As death counts rise and chaos spreads after Tuesday’s devastating earthquake in Haiti, New York City’s Haitian communities are staggering with fear and loss in a long-distance aftershock.
“Everyone is just trying to gather what information they can,” said Bernadette Gerard, executive director of the Brooklyn organization Voice of Haitian Americans, Inc. Television and radio reports get worse by the hour: Thousands dead, fires in the streets, survivors digging their loved ones out of the rubble by hand. “We can see that the capital has collapsed,” Gerard said Wednesday. “People are just trying to get news of their families in the villages and towns. No one can get through. The phone lines are down.”
See resources and ways to help below.
Outside of Florida and Haiti itself, New York City is home to the greatest number of Haitians – estimated at about 125,000 – in the world. The Republic of Haiti has a population of nearly 9 million, on its third of the island of Hispaniola, and has been wrecked by poverty and natural disasters for decades.
Clement Chrispin, founder of the Queens group Haitian Americans United for Change, has been trying to reach his father and sister since yesterday, when news of the earthquake was spreading in the evening. “I’m extremely worried,” Chrispin said. “I’ve heard that the area of Port-au-Prince where they live was hit pretty bad.”
Local community organizations are fielding information as best they can. “The phone is ringing constantly,” said Jean Michel, executive director of Chay Pa Lou Community Center in Crown Heights. (The phrase means “with many hands, the load is not heavy.”) Said Michel: “People are going to different radio stations” – local Caribbean-focused ones – “and the stations are referring them back to us. We’re compiling information about what’s happening on certain blocks and certain cities.” (For more on the role of micro-local radio in the neighborhood and beyond, see In Flatbush, Pirate Radio Tunes In To Trouble, City Limits Weekly #702, Sept. 21, 2009.)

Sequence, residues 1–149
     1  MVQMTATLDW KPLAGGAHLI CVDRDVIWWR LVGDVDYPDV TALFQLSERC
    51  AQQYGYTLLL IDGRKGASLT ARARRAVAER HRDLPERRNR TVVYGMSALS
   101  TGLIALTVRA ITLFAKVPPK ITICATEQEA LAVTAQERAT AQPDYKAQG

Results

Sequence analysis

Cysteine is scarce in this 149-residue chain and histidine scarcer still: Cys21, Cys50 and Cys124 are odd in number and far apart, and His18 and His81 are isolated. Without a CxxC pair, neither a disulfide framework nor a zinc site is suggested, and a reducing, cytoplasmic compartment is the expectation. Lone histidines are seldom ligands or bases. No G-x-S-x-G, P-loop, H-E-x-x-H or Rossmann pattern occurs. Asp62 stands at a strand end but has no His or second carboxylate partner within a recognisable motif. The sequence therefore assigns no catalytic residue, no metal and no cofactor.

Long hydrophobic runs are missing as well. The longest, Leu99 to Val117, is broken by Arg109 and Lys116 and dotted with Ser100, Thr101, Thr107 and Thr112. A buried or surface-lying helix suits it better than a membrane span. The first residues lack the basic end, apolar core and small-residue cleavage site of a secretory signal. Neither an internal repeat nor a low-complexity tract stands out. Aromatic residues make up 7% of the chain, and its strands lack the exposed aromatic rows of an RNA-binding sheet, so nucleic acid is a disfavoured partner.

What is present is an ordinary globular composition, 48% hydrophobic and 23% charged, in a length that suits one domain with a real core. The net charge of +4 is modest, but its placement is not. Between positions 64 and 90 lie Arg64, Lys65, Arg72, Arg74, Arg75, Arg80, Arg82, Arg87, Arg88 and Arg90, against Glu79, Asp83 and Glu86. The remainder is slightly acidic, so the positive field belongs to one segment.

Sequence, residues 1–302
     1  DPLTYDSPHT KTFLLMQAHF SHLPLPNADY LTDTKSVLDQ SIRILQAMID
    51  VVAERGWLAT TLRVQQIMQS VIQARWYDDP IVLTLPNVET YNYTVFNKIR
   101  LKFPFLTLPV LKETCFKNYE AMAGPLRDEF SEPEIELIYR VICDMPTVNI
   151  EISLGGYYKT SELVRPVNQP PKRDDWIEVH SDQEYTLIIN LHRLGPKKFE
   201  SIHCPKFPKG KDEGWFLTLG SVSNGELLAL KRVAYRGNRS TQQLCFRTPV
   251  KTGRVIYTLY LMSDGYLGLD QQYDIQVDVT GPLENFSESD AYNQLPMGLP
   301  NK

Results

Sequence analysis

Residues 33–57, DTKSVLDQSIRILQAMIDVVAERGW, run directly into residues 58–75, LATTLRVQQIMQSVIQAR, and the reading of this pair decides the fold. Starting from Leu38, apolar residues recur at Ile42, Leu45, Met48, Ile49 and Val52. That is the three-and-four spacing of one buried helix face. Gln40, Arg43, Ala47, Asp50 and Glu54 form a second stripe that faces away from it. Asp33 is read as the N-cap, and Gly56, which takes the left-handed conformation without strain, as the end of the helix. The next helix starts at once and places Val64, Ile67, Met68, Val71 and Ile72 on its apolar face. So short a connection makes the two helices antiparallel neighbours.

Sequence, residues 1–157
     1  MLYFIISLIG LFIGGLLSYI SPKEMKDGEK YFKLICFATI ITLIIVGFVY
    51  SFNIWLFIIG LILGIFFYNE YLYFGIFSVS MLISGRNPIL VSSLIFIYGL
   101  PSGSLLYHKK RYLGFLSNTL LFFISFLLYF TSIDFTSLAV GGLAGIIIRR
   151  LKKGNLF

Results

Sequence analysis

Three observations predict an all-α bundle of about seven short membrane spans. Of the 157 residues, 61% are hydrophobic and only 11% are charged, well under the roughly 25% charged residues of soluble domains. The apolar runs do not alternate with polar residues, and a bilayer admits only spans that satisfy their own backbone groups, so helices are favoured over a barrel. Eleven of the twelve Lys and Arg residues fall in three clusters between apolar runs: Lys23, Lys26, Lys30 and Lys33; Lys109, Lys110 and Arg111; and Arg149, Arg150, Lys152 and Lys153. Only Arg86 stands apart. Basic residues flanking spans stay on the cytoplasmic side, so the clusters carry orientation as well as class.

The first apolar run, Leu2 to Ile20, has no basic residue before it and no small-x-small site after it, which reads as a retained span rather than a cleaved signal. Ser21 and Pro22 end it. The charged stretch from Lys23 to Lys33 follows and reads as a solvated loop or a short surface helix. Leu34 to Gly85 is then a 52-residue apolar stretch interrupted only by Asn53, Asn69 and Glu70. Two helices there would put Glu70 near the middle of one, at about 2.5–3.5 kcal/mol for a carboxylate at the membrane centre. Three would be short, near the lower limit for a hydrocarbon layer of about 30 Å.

Chay Pa Lou has been raising funds to build housing in Haiti. “The problem is that Port-au-Prince was built for 50,000 people and there are [2 million] people living there with no infrastructure whatsoever,” he said. “We knew something like this could happen.” In the face of the current catastrophe, the organization is trying to move building efforts forward, to begin in the next two or three months.
Mayor Bloomberg announced yesterday that the city is collecting donations through the Mayor’s Fund to Advance New York City. At a press conference Wednesday, he said the fund had already received more than 12,000 calls by 11 a.m. City Councilman Jumaane Williams, who represents the Flatbush area that’s home to the greatest concentration of Haitians (and whose own family is from the Caribbean island of Grenada), is compiling a list of well-reputed organizations that are also channeling contributions to rebuilding and humanitarian efforts in Haiti.
Williams, Bloomberg and other officials and community leaders gathered at Holy Cross Church in Flatbush today to review the situation. Williams, along with U.S. Sen. Kirsten Gillibrand, is calling on President Obama to immediately enact the Haitian Protection Act, which would grant Temporary Protected Status to Haitian immigrants. “These residents must be able to work in order to assist devastated family members at home,” he said in a press release today.
Williams chief of staff Ede Fox said, “Essentially, we’re asking that people call their local elected officials for specific organizations [for donations]…We will have drop boxes in our district offices and local churches for people to bring medical supplies.”
At 6:00 this evening, several local organizations will host a prayer vigil outside of the Haitian Consulate in Manhattan.
Resources and Ways To Help
• For information about individual Haitians, city officials recommend calling the U.S. Department of State at 1-888-407-4747.
• Mayor Bloomberg recommends donating money through The Mayor’s Fund to Advance New York City.
• NYC Public Advocate Bill de Blasio: 212-669-7200
• City Councilman Jumaane Williams can be reached through Chief of Staff Ede Fox: 646-737-2426.
Additional reporting contributed by Nekoro Gomes and Karen Loew.